The issue in this case is, are a manufacturer's carpet samples subject to sales and use tax or are they exempt from such tax pursuant to OCGA 48-8-39
(b). The trial court entered summary judgment for the manufacturer, determining that the use of the samples was not taxable, and Collins appeals therefrom. While the trial court erred in determining that the use of the samples was not taxable, we affirm summary judgment for appellee for the reasons herein outlined.
Prince Street Technologies Ltd. ("Prince") is a Georgia corporation in the business of manufacturing commercial grade carpet. Prince markets its carpet exclusively by providing, free of charge, various types of small carpet samples to interior decorators and to architectural and interior design firms throughout the country. The samples are either custom-made at the request of a customer or they are made using Prince's inventory or excess production. Only a de minimis portion of the raw materials used by Prince to make carpet is used to make samples.
The Georgia Retail Sales and Use Tax Act, OCGA 48-8-1
et seq., sets forth those transactions that are subject to state sales and use taxes. Under the Act, a sales or use tax is levied and imposed only "on the retail purchase, retail sale, rental, storage, use, or consumption of tangible personal property" in this state. OCGA 48-8-30
Purchases made for resale are not taxable. Thus, a manufacturer purchasing raw materials for use in making items intended for sale is permitted to purchase those raw materials tax free. OCGA 48-8-3
(35) (A) (i). The finished items are generally taxed when they reach the point of "retail sale" which is generally defined as a sale to the ultimate consumer or user of the property. OCGA 48-8-2
(b) provides in pertinent part: "[i]f a person who engages in the business of processing, manufacturing, or converting industrial materials into articles of tangible personal property for sale . . . makes any use of the article of tangible personal property other than retaining, demonstrating, or displaying it for sale, the use shall be deemed a retail sale as of the time the article is first used by him and its fair market value at the time shall be deemed the sales price of the article."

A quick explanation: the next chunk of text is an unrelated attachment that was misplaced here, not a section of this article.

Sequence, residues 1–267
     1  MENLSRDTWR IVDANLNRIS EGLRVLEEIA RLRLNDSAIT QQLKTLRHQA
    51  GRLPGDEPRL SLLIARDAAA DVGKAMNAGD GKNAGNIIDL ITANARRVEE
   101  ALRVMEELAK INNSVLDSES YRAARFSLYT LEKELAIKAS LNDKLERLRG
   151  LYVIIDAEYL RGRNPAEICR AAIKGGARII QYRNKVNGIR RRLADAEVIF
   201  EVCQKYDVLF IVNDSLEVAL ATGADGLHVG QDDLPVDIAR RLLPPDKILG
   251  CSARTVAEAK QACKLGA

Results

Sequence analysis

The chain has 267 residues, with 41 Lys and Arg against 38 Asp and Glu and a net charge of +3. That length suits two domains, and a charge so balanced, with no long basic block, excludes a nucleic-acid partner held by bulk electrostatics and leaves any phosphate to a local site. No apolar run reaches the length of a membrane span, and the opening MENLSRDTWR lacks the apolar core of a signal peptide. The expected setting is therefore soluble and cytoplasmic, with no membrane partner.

The intent of this statute "is to capture tax revenues by creating a fictional 'sale' where the manufacturer of an item elects to use it himself rather than sell it in the normal course of his retail business." Strickland v. W. E. Ross & Sons, 251 Ga. 324
, 327 (304 SE2d 719
It is undisputed that Prince does not seek to market or sell the subject samples. Prince therefore, makes a use of the carpet samples, which "shall be deemed a retail sale." OCGA 48-8-39
(b). The trial court erred in concluding that the use of the carpet samples by Prince did not trigger a "fictional sale" under OCGA 48-8-39
(b). Only if the samples themselves were being retained, demonstrated or displayed for sale, would they be exempt from tax during the period of such use. It is clear from a reading of the statute, that "it" and "the article" ("the article is first used by him") refers to the carpet samples, and not to the non-sample carpet available for sale. OCGA 48-8-39
(b). Only the carpet samples are being "used" by the manufacturer in the context of OCGA 48-8-39
(b). Its "fair market value" refers to the carpet samples, as their value is the only value that would be relevant to the "fictional sale."
Statutes are to be construed in accordance with their real intent and meaning and not so strictly as to defeat their legislative purpose. Johnson v. Housing Auth. of Atlanta, 198 Ga. App. 816
, 817 (403 SE2d 97 (1991)
. The use of the carpet samples by Prince creates a "fictional sale" that is taxable.
The value of the carp et samples in the subject "fictional sale" shall be their fair market value at the time they are first used by Prince. See OCGA 48-8-39
(b). "Fair market value" is the amount a knowledgeable buyer would pay for the property and a willing seller would accept for the property at an arm's length, bona fide sale. See OCGA 48-5-2
Collins contends the trial court erred by invalidating Revenue Regulation 560-12-2.96